About Us

Nordic Network on Chinese Thought (NNCT) is a network for Nordic scholars on Chinese thought. The purpose of the NNCT is to promote and facilitate discussion on Chinese philosophy and history of ideas within the Sinosphere and to provide a platform for open and critical dialogue, as well as for sharing topical research ideas and papers. The NNCT will also advance collaboration and dialogue with Asian scholars on related topics.

The activities of the NNCT include seminars, workshops, study events and lectures in the field of Chinese thought on such relevant themes as the role of concepts in Chinese philosophy.

The NNCT aims at bringing together scholars and students approaching Chinese thought from diverse angles and within different time periods in a way which inspires each member to reach out and to learn from the approaches of others.

Inaguration seminar of NNCT: ”Lapland Manifesto of Confucianism”
Date: 20th of April 2021, from 10 AM to 12 PM Helsinki time (UTC+3)
Link: Click here! (Microsoft Teams or a Chromium browser capable of using web version of Microsoft Teams required)

Jyrki Kallio (Ph.D) Senior Research Fellow, Finnish Institute of International Affairs
Torbjörn Lodén Professor Emeritus, Stockholm University
Matti Nojonen Professor, University of Lapland

Huang Chun-chieh Distinguished Chair Professor, National Taiwan University


本宣言探討儒家傳統,以及如何存其菁、復其用的方法。「Confucianism」(孔 夫子主義)一詞是歐洲所創的名詞,是將某一套傳統與孔子(Confucius)其人其 教相聯繫,並將此以「主義」(ism)加以標示。然而,對應的中文「儒家」或「儒 學」,讓我們更能理解這套豐富的傳統。所謂「儒家」是指「術士」的學派。1 本 文所理解與提倡的儒家傳統,並不是一套以若干教條規範而成的僵固的思想體系, 而是一種正在進行中的討論,這個討論直指人類現實的困頓,而討論的起點大約 在三千年前,甚至早於孔子(卒於公元前 479 年)。在本文中,我們可以找出幾 項主軸和問題作為核心元素,例如:「人」與「天」的本質、善與惡的涵義、人 格的育成,以及如何達到社會秩序與世界秩序的和諧,乃至各種關係的和諧,例 如「知」與「行」的關係之和諧、道德與學術研究的關係之和諧。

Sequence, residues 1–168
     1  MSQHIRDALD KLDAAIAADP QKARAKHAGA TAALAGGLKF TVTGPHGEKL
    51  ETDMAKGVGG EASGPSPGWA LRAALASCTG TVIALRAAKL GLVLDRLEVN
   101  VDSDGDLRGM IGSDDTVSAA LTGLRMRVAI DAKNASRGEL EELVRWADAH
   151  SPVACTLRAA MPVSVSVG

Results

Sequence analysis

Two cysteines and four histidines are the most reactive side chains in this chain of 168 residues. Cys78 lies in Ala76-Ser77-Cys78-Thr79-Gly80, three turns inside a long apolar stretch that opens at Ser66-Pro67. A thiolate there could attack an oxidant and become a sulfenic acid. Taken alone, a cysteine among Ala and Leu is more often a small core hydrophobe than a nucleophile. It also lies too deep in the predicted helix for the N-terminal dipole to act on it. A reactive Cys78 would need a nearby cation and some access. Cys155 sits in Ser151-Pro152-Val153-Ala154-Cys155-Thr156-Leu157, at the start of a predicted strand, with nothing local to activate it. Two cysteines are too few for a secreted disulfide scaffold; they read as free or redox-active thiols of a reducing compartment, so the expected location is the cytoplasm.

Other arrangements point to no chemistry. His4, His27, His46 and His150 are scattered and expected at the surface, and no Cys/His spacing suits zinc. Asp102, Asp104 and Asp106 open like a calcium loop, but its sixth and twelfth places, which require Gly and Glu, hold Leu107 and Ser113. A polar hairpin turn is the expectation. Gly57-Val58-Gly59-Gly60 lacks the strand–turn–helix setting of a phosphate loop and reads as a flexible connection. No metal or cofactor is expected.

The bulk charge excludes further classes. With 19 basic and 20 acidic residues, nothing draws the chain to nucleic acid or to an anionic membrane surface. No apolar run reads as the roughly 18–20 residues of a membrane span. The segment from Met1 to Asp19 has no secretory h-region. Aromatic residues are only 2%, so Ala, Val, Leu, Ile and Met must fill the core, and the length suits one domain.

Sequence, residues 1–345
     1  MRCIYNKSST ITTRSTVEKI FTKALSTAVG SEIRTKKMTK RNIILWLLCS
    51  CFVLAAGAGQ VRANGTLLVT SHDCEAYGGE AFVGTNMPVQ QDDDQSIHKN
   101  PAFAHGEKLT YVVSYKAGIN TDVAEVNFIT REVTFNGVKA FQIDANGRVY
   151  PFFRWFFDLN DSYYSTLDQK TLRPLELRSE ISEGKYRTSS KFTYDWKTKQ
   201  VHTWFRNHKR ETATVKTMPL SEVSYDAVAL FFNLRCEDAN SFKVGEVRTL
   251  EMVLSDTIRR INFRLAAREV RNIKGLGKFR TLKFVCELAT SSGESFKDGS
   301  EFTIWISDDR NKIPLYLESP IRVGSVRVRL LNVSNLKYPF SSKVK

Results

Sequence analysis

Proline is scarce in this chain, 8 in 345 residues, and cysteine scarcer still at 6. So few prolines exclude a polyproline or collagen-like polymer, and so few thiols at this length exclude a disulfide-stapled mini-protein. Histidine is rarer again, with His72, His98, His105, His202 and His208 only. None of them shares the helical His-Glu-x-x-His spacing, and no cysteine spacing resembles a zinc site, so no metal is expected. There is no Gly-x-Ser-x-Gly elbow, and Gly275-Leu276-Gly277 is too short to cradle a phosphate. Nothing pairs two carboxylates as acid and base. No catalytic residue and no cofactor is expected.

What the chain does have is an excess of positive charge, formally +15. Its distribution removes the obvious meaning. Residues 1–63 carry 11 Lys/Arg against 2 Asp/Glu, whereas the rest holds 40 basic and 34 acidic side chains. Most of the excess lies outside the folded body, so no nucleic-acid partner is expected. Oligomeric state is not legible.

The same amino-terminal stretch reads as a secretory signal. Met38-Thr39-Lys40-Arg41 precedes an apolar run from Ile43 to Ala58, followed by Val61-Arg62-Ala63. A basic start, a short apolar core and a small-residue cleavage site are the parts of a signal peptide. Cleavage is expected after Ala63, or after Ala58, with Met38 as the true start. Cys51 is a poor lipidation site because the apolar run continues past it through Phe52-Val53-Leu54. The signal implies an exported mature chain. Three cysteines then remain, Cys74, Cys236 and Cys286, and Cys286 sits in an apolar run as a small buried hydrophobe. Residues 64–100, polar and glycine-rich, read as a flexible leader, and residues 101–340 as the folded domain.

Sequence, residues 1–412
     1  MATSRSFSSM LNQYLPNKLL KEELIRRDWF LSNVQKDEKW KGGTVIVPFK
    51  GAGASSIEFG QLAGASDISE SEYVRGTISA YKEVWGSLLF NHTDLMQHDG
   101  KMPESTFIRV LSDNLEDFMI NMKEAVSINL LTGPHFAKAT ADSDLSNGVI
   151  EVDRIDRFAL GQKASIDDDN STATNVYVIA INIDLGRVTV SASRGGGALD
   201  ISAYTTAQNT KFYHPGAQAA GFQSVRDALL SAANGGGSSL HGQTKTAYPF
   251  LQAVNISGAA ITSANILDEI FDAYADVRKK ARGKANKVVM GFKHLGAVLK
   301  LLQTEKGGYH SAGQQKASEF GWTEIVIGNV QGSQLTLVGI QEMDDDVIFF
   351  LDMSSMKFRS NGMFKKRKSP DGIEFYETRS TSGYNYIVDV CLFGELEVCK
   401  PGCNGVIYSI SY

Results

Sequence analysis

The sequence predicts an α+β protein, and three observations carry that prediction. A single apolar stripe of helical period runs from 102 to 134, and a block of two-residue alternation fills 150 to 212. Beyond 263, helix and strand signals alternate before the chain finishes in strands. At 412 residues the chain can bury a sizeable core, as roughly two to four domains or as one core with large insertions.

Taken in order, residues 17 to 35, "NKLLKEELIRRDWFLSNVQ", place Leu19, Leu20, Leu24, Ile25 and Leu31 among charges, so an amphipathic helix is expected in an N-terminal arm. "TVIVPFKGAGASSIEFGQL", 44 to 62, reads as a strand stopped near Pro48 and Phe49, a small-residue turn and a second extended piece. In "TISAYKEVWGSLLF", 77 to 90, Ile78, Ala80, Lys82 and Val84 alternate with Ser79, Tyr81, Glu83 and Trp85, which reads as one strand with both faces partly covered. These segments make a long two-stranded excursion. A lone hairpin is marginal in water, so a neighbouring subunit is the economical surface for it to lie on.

Lapland Manifesto of Confucianism

This Manifesto discusses the Confucian tradition and ways of preserving its merits and restoring its relevance. The word ‘Confucianism’ is a European coinage, which associates the tradition with the person of Confucius and his teachings, and labels the tradition as an “ism”. However, our understanding of this rich tradition is much better conveyed by the equivalent Chinese word rujia 儒家, which means ‘The School of the Learned”. The Confucian tradition, as it is understood and promoted in this manifesto, is not a fixed system of thought that can be defined in terms of a certain number of dogmas, but rather an ongoing discussion of the human predicament that started about three thousand years ago, even before Confucius (孔子, d. 479 BCE). In this discussion, we may identify a number of themes and questions as key elements: among them the nature of ‘Man’ (ren 人) and ‘Heaven’ (tian 天), the meaning of good and evil, the cultivation of humanity, the question of how to bring about a harmonious society and world order, as well as various relationships such as the relationship between knowledge and action and that between morality and scholarly inquiry. 

Read rest of the manifesto